Tonight I put my name in the hat at the local Moth Story Slam. The theme was ‘beauty’. Anyone who is interested in telling a story puts their name in the hat. They pull out names, one at a time; until ten people have shared their stories. Unfortunately, my name was not pulled out of the hat to share. While I am disappointed, I’m happy to have this venue to share what would have certainly been the best story of the night!
“Beauty and the Voice”.
Recently some friends and I were discussing movies that are different when you see them a second time – movies with a ‘twist’ at the ending: once you know the ending, watching the movie a second time is an entirely difference experience because you see the clues you missed the first time around. When watching Sixth Sense for a second time – you may find yourself yelling to Bruce Willis – Hey Dummy, you are DEAD!
The winter and spring of 2013, I missed a lot of clues that in retrospect were pretty obvious. Granted, I had been distracted by my own emergency appendectomy and the arrival of my beautiful twin grand-daughters . My youngest daughter turned 16 that spring – her nickname is Guzzy; the name my Alzheimer’s stricken mother came up one day when vainly trying to remember her correct name, and it stuck.
When I looked at Guzzy that spring I saw a beautiful and intelligent young woman. However, she did not see her own beauty… This is what she saw, and ‘heard’ when she looked into a mirror:
You are ugly, you are sad, pathetic and FAT!
At this point in her life, Guzzy had yet to tip the scales in triple digits. I later learned that her goal was to get so thin that she could wrap her fingers around the largest part of her thigh; yet even once she achieved that horrific milestone– the voice in her head telling her that she was ugly and fat only got louder.
At the time, Guzzy told me she was eating at school; she told her friends she was eating at home. The truth was… she wasn’t much of anything at all – mostly dill pickles and celery drenched in mustard. She would bake treats almost every day to take to school – which fooled her brain into thinking she had eaten, because she had touched, smelled and ‘experienced’ the food in every way other than consuming it. She would watch cooking shows obsessively, all while pacing or jiggling at the edge of her seat – making sure she burned calories even while ‘relaxing’. The cold spring made it easier for her to mask her alarming weight loss with baggy full coverage clothes.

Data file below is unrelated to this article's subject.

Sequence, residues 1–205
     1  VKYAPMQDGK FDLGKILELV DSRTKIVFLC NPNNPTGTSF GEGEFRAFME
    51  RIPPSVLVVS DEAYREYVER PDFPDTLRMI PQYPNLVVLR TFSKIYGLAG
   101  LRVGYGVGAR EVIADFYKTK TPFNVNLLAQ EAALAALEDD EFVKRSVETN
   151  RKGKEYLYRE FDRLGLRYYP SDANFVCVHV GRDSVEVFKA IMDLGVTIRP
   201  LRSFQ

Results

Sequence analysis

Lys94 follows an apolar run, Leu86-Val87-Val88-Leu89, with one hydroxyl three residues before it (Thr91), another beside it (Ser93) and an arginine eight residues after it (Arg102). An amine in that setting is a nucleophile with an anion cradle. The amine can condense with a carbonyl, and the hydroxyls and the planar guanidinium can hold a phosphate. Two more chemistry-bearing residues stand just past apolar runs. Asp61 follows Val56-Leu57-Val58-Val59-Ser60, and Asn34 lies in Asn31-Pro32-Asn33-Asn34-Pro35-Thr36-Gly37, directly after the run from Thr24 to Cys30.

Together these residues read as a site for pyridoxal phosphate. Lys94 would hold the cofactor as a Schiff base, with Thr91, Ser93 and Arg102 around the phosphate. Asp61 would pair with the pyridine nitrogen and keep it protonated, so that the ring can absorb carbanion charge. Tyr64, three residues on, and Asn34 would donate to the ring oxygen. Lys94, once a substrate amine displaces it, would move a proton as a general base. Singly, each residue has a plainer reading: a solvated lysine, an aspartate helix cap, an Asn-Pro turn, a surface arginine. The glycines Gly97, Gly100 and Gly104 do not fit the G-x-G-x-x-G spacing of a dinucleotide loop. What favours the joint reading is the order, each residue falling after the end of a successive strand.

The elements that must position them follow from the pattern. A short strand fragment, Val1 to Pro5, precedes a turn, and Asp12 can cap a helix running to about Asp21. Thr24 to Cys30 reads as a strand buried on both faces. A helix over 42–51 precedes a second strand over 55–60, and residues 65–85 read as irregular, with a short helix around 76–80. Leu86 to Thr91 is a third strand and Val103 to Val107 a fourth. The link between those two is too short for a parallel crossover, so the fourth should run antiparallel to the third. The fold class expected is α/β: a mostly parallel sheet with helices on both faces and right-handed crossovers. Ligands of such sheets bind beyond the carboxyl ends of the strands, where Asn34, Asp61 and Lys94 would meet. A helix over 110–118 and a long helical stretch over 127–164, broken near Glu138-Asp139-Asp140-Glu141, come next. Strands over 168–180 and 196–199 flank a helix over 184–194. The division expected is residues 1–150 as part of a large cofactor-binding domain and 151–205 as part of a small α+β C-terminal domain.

Despite all these clues, I didn’t connect the dots. No one smacked me in the head and said “Dummy – she’s starving herself”! While I knew something I was wrong, I was gobsmacked with the diagnosis of severe anorexia. This led to a terrifying summer of hospitalizations, doctors, meal plans, therapies and a crash course on eating disorders.
Her diagnosis led me to ponder: What is beauty? We live in a highly appearance-oriented and judgemental culture that is toxic to positive self-esteem and positive body image. I have since talked to young women who have been complimented on their thinness up to and (incredibly) DURING their admission to the hospital to save their lives from starvation. These impossible and unhealthy standards of beauty are cruel and dangerous.
At the end of the summer in 2013, Guzzy continued to decline. Knowing that 20% of those with her diagnosis do not survive, we admitted her on an emergency basis to an intensive in-patient program in Minneapolis. She received talking therapy, aroma therapy, massage therapy, dog therapy, bunny therapy, baby niece therapy, puzzle therapy, and the most important medicine of all – Food!
After almost 4 weeks of hospitalization, we saw glimmers of her former self and she was out of immediate danger. She was released to my care; I was on leave from work and she was on leave from school. It was my job to feed her and it was her job to eat.
I read countless books aloud to distract her from the very real pain of eating; we played cards and did puzzles together for hours on end. There was a memorable afternoon when after eating yet another mandatory snack, Guzzy looked down in her lap, and looked up wide-eyed and announced “I Have Cleavage”! That was a good day!
Yes, my beautiful girl was slowly emerging from her Eating Disorder haze into a healthier and stronger version of herself. For her 17th birthday that spring we we went to one of the most beautiful places on earth: Hawaii!! We were surrounded by beautiful nature: miles of beaches, ocean vistas, we saw a breeching humpback whale and sea turtles on the beach. But by far, the most beautiful sight of that trip was this:
My gorgeous daughter wearing a swimsuit, sitting on a blanket at the beach while happily munching on a bag of potato chips. Now THAT, my friends, is true beauty!